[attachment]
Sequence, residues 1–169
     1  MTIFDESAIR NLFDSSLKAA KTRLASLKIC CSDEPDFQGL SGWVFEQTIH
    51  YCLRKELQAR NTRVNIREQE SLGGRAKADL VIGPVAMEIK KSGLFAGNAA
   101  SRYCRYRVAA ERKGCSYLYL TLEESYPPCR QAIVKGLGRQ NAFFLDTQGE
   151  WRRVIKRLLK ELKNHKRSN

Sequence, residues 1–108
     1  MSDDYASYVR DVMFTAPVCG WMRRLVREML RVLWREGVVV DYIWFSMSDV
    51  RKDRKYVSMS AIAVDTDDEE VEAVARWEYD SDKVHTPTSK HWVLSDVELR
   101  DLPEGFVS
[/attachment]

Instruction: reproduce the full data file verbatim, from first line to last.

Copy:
Sequence, residues 1–169
     1  MTIFDESAIR NLFDSSLKAA KTRLASLKIC CSDEPDFQGL SGWVFEQTIH
    51  YCLRKELQAR NTRVNIREQE SLGGRAKADL VIGPVAMEIK KSGLFAGNAA
   101  SRYCRYRVAA ERKGCSYLYL TLEESYPPCR QAIVKGLGRQ NAFFLDTQGE
   151  WRRVIKRLLK ELKNHKRSN

Sequence, residues 1–108
     1  MSDDYASYVR DVMFTAPVCG WMRRLVREML RVLWREGVVV DYIWFSMSDV
    51  RKDRKYVSMS AIAVDTDDEE VEAVARWEYD SDKVHTPTSK HWVLSDVELR
   101  DLPEGFVS